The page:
We operate on a walk in basis thus avoiding strict and impractical appointment times; encourage people to come back regardless of missed appointments or ongoing substance use; inquire about each person’s goals and align our work accordingly; strive for language that minimizes stigma; and we prioritize the strength of our relationships with patients. We educate patients on safe use techniques in the case of ongoing substance use despite medication; use urine drug screens not as grounds for dismissal but as a tool for motivational interviewing and respectful conversation; and we continue prescribing despite missed appointments or ongoing substance use. This structure has allowed us to reach patients at high risk of overdose who otherwise generally lacked treatment access.


You may ask why incorporating harm reduction into clinical practice and developing low barrier programs fall in the domain of PCPs and community health centers (CHCs). The reasons are many. First, we are chronic disease experts, and SUD treatment should follow a similar management strategy. Second, we are acquainted with the medical and social complexities of our patients’ lives by virtue of long-term relationships and thus are best positioned to assess how these factors may impact treatment outcomes. Third, low barrier, harm reduction work allows us to more robustly carry out the mission of CHCs – to provide high quality care to the most vulnerable community members. Fourth, implementing harm reduction approaches and seeking community collaborations to pursue low barrier work are antidotes to provider burnout. Aligning our care with our patients’ realities and goals is deeply satisfying; working with a multidisciplinary team allows us to address the highly impactful, non-medical components of our patients’ lives.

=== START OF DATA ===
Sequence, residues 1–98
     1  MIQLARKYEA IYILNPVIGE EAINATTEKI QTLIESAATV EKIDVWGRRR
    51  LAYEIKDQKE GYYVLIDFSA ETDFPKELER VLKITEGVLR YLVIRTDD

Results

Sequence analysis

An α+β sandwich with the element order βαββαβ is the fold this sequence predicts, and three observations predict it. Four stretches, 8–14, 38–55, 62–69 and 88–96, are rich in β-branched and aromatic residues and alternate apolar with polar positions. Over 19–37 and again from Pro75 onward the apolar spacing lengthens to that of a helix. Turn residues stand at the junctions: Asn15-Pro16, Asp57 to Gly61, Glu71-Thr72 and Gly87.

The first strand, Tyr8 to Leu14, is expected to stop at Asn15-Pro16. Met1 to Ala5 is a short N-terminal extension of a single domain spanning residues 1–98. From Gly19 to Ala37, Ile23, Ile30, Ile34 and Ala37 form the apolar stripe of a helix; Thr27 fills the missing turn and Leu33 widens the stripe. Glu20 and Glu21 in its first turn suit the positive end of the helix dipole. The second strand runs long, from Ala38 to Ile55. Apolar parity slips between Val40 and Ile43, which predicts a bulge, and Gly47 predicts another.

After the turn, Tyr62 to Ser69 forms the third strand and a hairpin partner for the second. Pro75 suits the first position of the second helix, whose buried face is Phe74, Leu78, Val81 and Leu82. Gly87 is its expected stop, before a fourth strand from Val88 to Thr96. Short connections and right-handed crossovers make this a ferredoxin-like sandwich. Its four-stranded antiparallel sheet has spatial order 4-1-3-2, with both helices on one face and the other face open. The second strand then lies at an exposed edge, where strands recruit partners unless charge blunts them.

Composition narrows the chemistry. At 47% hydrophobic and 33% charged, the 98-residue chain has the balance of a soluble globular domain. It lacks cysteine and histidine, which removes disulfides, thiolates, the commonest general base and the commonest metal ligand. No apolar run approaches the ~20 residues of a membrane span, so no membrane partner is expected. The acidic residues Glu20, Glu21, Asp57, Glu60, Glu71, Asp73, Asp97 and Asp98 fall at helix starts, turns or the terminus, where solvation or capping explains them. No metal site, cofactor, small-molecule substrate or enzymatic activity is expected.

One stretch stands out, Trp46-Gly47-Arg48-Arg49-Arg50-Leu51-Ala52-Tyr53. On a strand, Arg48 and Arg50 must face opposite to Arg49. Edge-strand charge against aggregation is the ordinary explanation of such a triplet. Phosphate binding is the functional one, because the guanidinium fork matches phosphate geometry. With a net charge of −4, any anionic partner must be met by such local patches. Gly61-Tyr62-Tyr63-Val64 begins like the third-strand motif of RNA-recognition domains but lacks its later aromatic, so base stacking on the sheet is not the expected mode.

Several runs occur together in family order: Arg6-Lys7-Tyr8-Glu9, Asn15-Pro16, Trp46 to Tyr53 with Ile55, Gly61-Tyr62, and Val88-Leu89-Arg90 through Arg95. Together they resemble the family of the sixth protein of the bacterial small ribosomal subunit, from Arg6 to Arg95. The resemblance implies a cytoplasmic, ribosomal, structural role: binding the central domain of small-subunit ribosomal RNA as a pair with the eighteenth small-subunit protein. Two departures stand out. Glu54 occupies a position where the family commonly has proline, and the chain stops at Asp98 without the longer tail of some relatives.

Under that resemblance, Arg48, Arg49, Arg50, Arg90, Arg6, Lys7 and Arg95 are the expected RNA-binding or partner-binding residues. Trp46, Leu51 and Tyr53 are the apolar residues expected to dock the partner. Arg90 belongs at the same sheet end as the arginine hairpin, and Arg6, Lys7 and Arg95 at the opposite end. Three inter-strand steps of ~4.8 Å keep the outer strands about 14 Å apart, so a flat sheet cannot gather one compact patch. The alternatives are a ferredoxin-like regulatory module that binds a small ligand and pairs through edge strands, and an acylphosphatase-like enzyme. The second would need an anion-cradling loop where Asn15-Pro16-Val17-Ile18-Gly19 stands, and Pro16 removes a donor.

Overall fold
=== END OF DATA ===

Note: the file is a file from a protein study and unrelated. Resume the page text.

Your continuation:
Finally, we cannot afford to continue with status quo treatment approaches in the midst of a public health emergency. Drug overdose is now the leading cause of accidental death for adults in the U.S., with opioids responsible for the majority of these deaths. The use of buprenorphine and methadone reduces the risk of overdose death by half. We do not have any other pharmacotherapy in our toolkit that decreases mortality this profoundly. We see first-hand the devastating effects of SUDs on the health of our patients and community thus understand the urgency of re-thinking and expanding our strategy to provide this lifesaving treatment to everyone who needs it.


As PCPs and CHCs we can use our clinical skills, history of innovative problem solving, and mission-driven orientation to continue improving care for our most vulnerable community members. We can start by incorporating harm reduction language into any encounter with a patient using drugs, such as inquiring if they know where to get clean needles. More broadly, we can collaborate with community partners who offer complementary services in order to better meet patients where they are, literally and figuratively. Through these efforts, we can lead change such that every patient using drugs will experience the same high quality care as does their neighbor with diabetes.